Will Lake Mille Lacs be this year's Leech Lake?
Last year, after several down years, Walker's Leech Lake rebounded nicely in 2008.
Lake Mille Lacs, long regarded as one of the state's premier walleye fisheries, also has experienced a bit of a dry spell in walleye harvests in recent years. But like Leech Lake, Mille Lacs may be on the verge of a boom from recent stock classes.
"There are going to be a lot of slot fish to get this year," said Steve Bissett, a pro fisherman and guide who frequents Mille Lacs. "It was a good winter for slots percentage-wise. I think it will be a good summer."
The DNR agrees, saying that water levels are expected to be up this spring, and that the walleye bite, thanks to some up-and-coming larger fish, should provide good action.
Anglers have complained of tight slots and, especially, ever-changing slot regulations on Mille Lacs in recent years. And although last year's regulations remain the same, that fact - that the regs, for a change, are unchanged - is a positive for anglers.
"That's a big help," Gary Roach - "Mr. Walleye" - said, referring to consistency concerning regs on Mille Lacs. Roach, a professional fisherman who also spends a lot of time on Mille Lacs, and others have long complained that a lack of consistency regarding regs on the lake has added to confusion there.
"I think it's a good thing," Bissett said of the decision to keep the regs unchanged.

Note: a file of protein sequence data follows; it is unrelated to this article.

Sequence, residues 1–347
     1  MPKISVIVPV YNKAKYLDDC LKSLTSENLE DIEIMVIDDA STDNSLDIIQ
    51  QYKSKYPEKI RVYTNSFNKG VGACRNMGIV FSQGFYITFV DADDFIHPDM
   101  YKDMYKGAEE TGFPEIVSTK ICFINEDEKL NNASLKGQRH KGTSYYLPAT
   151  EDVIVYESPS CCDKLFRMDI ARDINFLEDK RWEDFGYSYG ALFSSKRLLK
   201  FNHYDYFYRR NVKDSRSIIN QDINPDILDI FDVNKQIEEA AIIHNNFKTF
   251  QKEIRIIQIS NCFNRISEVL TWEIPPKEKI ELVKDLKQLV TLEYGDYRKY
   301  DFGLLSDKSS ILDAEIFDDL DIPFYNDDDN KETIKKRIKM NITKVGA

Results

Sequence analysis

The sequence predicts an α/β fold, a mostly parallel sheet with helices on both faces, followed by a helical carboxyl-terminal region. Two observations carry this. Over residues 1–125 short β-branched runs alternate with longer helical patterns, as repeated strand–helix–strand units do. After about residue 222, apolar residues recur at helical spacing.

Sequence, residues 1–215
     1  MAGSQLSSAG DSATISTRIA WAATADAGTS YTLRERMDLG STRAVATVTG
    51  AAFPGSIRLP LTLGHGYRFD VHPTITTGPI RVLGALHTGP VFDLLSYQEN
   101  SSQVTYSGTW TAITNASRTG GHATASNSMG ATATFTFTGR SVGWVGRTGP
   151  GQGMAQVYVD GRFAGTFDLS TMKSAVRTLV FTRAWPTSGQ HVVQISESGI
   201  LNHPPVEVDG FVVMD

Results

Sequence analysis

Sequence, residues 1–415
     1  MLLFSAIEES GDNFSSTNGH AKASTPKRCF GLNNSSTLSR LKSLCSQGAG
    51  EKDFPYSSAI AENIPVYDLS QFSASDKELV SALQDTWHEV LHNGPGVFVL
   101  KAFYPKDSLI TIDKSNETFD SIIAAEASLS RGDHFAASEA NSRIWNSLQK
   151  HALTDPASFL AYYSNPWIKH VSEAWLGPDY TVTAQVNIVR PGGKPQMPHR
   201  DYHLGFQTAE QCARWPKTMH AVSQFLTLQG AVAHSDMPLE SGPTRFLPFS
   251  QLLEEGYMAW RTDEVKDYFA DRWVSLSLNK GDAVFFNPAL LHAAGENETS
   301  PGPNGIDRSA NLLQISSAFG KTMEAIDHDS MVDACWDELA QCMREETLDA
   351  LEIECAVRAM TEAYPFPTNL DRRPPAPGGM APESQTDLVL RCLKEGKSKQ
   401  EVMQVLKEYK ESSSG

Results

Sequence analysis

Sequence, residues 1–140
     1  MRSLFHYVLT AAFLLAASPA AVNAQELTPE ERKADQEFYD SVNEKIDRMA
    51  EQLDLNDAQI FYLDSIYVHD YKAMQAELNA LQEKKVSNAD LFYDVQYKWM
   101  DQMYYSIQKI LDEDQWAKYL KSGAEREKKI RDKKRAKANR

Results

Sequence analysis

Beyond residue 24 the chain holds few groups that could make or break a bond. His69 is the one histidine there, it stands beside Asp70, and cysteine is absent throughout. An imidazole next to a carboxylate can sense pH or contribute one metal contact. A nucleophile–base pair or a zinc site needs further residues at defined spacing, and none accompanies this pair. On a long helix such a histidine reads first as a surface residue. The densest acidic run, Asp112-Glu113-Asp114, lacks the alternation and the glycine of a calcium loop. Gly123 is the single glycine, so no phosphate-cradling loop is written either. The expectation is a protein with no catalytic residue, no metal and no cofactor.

On Mille Lacs, anglers are required to immediately release all walleye 18 to 28 inches in length. The possession limit is four, with one longer than 28 inches allowed. Also, anglers will be required to immediately release all northern pike 24 to 36 inches in length. The possession limit is three, with one longer than 36 inches allowed.
The state walleye and northern pike season opens Saturday.
Fishing regulations throughout the state, too, will largely be the same as last year.
The one change in state regulations that applies to walleye and northern pike: The "one over" limit now applies to possession and daily limits. Previously, the regulation applied to the daily limit only.
"One over" applies when regulations protect fish of a designated size range on particular waters. Anglers are allowed to keep fish smaller than the size range and can keep one larger than the size range. The "one over" limit applies to the larger fish an angler can keep.
Other changes of note:
New experimental or special regulations on Inguadona and Rice lakes in Cass County. For details, see Pages 25-26 in the DNR fishing regulation booklet.
Anglers may possess fish packaged by a licensed fish packer on waters with fish-size restrictions if the packaged fish will be used for a meal.
Anglers who catch an Asian carp must report the catch within seven days.
A number of lakes have been added to the infested waters list because they now contain invasive species. For a list, see the fishing regulation booklet.
BRIAN S. PETERSON, outdoors editor, may be reached at email@example.com or 855-5864.
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